Oct.TuscanyHe was still in Lucca with Giovanni Colonna and 1,000 cavalry; his forces were also joined by 170 Luccan lances. They rode to Filettole, which was sacked; the same fate befell Nodica, Vecchiano, Malaventro, Santa Maria di Castello, and Ponte a Serchio. Approaching Pisa, they crossed the Baldo Bridge and engaged the opponents. He spent the night at Santa Maria di Castello, then headed towards Vicopisano, besieging the town until he was forced to return to San Miniato.
Mar.ChurchPerugiaUmbriaHe returned to the service of Pope Boniface IX. Following the assassination of Biordo dei Michelotti in Perugia, he allied with Mostarda da Forlì and Ugolino Trinci to expel the followers of the Raspanti party from Perugia, as well as from Assisi, Spello, Todi, Nocera Umbra, Gualdo Tadino, Trevi, Cesi, and Orvieto.
Apr.FlorenceMilanTuscanyHe carried out a raid for the Florentines in the Pisan territory with 400 lances and 1,000 infantry shortly before a truce was signed between the republic and the Viscontis. He encamped near the village of San Marco, just outside Pisa. He was wounded in a skirmish with enemies led by Giovanni da Fighino and Astorre Visconti.
JuneChurchPerugia1500 cavalryTuscany, UmbriaHis dues, as well as those of Bernardo della Serra and Giovanni Colonna, were settled in Florence. He received 10,000 florins, including an extra one and a half times his usual pay; in return, he committed not to harass the territories of the commune for a certain period. The Perugians also sent him a sum of money to have him as an ally against the papal forces: conversely, he led 1,500 cavalry into their territory and devastated the counties he passed through. He forced the inhabitants to accept the return of the pope.
Mar.Comp. venturaPerugiaUmbriaHe raided through the Perugian area, looted livestock in the Chiugi region, and took prisoners.
Sept.MontemarteComp. ventura400 lancesUmbriaHe was in Orvieto with 400 lances when two hundred pilgrims dressed in white robes arrived. He joined them and for several days transformed himself into a pilgrim as well; he was seen with his men barefoot, whipping themselves with crosses in front of them while singing praises to the Lord. Mid-month, he returned to his old warrior life; leading 100 cavalry, he joined forces with Francesco da Montemarte, who commanded another 100. Together, the two captains went to Fabro where he convinced 90 infantrymen of Bernardo della Serra to abandon Fichino and return the locality to its inhabitants after receiving a ransom of 550 florins.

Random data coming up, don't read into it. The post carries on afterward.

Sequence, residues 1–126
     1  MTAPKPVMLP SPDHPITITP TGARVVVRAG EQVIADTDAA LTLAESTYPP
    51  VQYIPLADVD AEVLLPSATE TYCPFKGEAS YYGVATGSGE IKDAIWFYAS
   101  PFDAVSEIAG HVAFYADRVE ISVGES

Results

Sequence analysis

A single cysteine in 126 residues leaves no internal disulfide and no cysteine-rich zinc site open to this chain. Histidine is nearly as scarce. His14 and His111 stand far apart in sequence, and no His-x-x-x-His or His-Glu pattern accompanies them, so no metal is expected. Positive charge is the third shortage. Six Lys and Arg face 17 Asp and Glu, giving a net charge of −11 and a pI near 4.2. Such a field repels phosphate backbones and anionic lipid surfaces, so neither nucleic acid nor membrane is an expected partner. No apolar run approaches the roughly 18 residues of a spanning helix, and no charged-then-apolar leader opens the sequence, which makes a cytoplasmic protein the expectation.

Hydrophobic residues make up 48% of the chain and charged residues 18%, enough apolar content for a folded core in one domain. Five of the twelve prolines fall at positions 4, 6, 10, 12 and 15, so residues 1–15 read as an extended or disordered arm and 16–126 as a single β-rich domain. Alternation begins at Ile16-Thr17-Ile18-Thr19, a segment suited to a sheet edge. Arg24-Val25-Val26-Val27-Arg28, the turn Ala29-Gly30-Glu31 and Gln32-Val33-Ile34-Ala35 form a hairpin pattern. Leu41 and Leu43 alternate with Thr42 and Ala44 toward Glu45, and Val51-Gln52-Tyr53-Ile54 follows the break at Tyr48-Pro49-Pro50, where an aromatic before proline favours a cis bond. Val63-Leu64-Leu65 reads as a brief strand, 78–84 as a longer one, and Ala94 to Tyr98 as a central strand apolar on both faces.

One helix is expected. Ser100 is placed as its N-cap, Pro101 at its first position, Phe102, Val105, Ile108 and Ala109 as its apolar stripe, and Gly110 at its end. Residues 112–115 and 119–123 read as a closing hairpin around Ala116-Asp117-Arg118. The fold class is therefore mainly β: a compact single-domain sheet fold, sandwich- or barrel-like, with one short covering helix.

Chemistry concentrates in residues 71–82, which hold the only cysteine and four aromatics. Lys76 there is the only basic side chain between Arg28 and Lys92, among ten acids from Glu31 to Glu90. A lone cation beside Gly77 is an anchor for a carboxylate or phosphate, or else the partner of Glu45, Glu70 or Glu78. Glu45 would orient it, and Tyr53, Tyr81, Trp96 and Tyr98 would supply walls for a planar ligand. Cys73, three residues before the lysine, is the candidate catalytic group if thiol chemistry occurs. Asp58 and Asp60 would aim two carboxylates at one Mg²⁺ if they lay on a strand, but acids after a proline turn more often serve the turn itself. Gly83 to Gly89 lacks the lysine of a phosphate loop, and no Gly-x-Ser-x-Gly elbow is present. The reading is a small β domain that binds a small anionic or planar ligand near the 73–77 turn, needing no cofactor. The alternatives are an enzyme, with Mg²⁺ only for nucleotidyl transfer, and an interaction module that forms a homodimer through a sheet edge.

Nov.Comp. venturaPollenzaMarcheHe harassed Mostarda da Forlì in Montemilone (Pollenza).
Jan.ChurchAntipopeLazioGiovanni and Nicola Colonna attempted to incite Rome in favor of the antipope Benedict XIII against Boniface IX. Orsini rushed to the pope’s defense and attacked Palestrina with 2,000 cavalry. For his merits, he was awarded the vicariate of Olevano Romano.
Oct.ChurchRebelsMarcheHe was sent by the pope to the Marche region along with his brothers Giovanni and Poncello, and his cousin Gentile Orsini, to confront the local rebels.
1401ExilesViterboLazioHe assisted the Gatti family in gaining control of Viterbo. He was appointed Rector of the March; he would hold this position until 1406. Also in that year, he obtained Gallese from Giovanni and Nicola Colonna.
…………TuscanyIn Florence, the commune sought an alliance with the Papal States to combat the Viscontis.
JuneIn Venice, there was a discussion about the advisability of granting him a military commission (condotta); the proposal was ultimately rejected.
JulyChurchMilanTuscanyHe captured Manfredo Barbavara but soon left the theater of operations because, due to the plague, the ducal troops were unable to forcefully descend from Lombardy.
Aug.MarcheHe was in the March of Ancona, where his salary was advanced by the Jewish communities of Fano and Fossombrone on behalf of the Apostolic Chamber.
Sept.ChurchMilanUmbriaHe burst into the Perugian region alongside Braccio da Montone, Mostarda da Forlì, and Conte da Carrara under the command of Giannello Tomacelli. They all encamped near the capital, effectively keeping it under near siege.
Oct.UmbriaHe joined forces with the Florentine and Bindo da Montopoli under the Papal captains. Their militias set up their encampments between Olmo and San Mariano. The nearby countryside was raided.
Jan.UmbriaHe was defeated near Assisi in a three-hour battle by 1,200 to 2,500 cavalry commanded by Ottobono Terzi. Among the Papal forces, there were 150 casualties.
Mar.Boniface IX authorized him to collect the salary owed to him for the command of 490 lances directly from the lords obligated to pay the annual census to the Apostolic Chamber (Antonio da Montefeltro, 1300 florins for Urbino, Gubbio, and Cagli; Charles, Pandolfo, and Malatesta Malatesta, 8000 florins for Rimini, Pesaro, Fano, Cesena, Osimo, and other lands; Ugolino Trinci, 1000 florins for Foligno, Montefalcone, Bevagna, and other lands; Rodolfo da Varano, 1000 florins for San Ginesio and other lands; Guido di Matelica, 300 florins for Matelica; Raniero Simonetti and brothers, for Jesi, Serra San Quirico, and Accola; Chiavello Chiavelli, 450 florins for Fabriano; Onofrio Smeducci, 400 florins for San Severino Marche; Giovanni and Bernardino Cima, 400 florins for Cingoli; Monaldo da Montevecchio and brothers, 775 florins for Montevecchio and San Lorenzo in Campo; Onofrio Paganelli, 50 florins for Montalboddo; Matteo di Branca, 25 florins for Cartoceto; the municipality of Città di Castello, 1500 florins).